Sarah Robles Is Team USA’s First Weightlifting World Champ Since 1994

By Karen Price | Dec. 05, 2017, 7:16 p.m. (ET)
Sarah Robles competes in the women's +75 kg. weight class at the 2015 IWF Weightlifting World Championships on Nov. 28, 2015 in Houston.

 

In the final event for U.S. athletes at the 2017 IWF World Weightlifting Championships, super heavyweight Sarah Robles was simply unstoppable.

The 2016 Olympic bronze medalist swept the event with gold medals in the snatch, clean & jerk and total weight on Tuesday in Anaheim, California, giving the U.S. its first world champion in weightlifting since Robin Byrd in 1994. She is just the fourth U.S. woman in history to win a world title and the first since women’s weightlifting was added to the Olympics in 2000.

Robles also made history in Rio when she broke a 16-year medal drought for U.S. weightlifters.

The 29-year-old was a perfect 6-for-6 with a winning lift of 126 kg. in her final attempt in the snatch and 158 kg. in her final attempt in the clean & jerk for a total of 284 kg.

Finishing in second place in total weight was New Zealand’s Laurel Hubbard at 275 kg., and Shaimaa Haridy of Egypt was third with 268 kg.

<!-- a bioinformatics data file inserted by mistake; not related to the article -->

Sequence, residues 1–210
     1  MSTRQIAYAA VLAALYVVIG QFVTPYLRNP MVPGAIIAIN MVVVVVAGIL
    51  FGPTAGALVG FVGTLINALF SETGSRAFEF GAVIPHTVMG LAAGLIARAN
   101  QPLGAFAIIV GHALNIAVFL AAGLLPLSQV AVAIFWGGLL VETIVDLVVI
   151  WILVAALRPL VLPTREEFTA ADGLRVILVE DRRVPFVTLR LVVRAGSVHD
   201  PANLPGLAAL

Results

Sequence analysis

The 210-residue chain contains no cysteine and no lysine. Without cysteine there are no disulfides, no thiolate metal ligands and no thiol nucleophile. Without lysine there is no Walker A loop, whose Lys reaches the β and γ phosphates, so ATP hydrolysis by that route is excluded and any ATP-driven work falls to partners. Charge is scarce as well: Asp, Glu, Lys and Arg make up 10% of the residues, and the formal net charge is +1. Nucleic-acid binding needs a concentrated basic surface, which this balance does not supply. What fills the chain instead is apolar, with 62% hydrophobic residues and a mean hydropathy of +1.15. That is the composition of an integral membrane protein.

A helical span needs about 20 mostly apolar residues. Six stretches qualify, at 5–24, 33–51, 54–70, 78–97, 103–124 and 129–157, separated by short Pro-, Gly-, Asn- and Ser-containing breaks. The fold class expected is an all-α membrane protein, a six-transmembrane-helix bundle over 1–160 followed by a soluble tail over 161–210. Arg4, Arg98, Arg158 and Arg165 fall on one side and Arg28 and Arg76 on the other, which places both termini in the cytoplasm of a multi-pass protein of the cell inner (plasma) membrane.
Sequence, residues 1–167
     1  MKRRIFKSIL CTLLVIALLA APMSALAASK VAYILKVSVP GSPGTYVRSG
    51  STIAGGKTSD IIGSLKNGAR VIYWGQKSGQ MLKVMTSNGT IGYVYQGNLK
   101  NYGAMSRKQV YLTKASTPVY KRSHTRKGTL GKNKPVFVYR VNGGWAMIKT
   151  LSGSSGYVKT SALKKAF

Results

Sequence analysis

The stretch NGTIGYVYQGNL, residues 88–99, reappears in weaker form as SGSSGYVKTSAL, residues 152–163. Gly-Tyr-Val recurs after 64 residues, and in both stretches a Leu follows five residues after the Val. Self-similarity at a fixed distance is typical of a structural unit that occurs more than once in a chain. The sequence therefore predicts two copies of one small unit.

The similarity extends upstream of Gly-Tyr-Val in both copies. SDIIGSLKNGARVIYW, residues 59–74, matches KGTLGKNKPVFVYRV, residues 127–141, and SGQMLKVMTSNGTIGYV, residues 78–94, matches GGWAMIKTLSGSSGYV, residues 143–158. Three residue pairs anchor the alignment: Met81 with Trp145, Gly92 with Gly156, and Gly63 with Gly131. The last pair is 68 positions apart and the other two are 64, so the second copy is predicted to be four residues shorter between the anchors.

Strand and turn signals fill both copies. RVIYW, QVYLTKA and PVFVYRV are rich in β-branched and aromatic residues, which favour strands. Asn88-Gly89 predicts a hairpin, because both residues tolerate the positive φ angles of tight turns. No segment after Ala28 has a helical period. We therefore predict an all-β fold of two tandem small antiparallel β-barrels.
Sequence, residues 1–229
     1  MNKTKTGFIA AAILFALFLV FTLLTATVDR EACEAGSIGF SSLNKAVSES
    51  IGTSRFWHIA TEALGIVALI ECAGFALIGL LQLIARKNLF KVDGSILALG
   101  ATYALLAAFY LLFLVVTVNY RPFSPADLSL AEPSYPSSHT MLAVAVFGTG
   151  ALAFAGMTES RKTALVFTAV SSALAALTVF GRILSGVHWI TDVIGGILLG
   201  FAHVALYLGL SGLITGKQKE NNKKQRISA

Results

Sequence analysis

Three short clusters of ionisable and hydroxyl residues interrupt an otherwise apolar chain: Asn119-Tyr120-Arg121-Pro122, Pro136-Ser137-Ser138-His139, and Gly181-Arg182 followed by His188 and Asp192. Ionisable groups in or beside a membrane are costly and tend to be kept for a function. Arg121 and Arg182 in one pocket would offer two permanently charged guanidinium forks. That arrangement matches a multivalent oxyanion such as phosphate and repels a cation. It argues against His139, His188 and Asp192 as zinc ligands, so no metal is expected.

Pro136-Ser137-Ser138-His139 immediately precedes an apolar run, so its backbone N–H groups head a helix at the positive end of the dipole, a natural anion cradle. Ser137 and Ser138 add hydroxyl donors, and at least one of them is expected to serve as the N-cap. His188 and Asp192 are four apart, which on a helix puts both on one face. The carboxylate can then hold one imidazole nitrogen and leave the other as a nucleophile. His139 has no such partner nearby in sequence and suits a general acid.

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Robles opened the competition lifting 118 kg., the same weight she started with in Rio in 2016 when she went 6-for-6 en route to the Olympic bronze medal. Hubbard opened at 120 kg., moving into the lead and setting up the snatch competition that ultimately came down to her and Robles.

Robles moved up to 122 kg. and made it look easy. When Mexico’s Tania Mascorro didn’t make her attempt at 123 kg., Robles moved up to 124 kg., forcing Hubbard to do the same for her second attempt. She got up but was slow to rise and shaky, so when Robles then went up to 126 kg., the race for gold was on. Robles again looked strong, even holding the bar overhead longer than necessary after missing the down sign, and Hubbard couldn’t match the effort, finishing with the silver medal. Mascorro took bronze.

In the clean and jerk, Robles opened with 150 kg., then moved up to 154 kg. and ended with 158 kg., not attempting to beat Cheryl Haworth’s U.S. record of 161 kg. Robles’ total weight was just three kilos shy of tying Haworth’s record from 2005.

Karen Price is a reporter from Pittsburgh who has covered Olympic sports for various publications. She is a freelance contributor to TeamUSA.org on behalf of Red Line Editorial, Inc.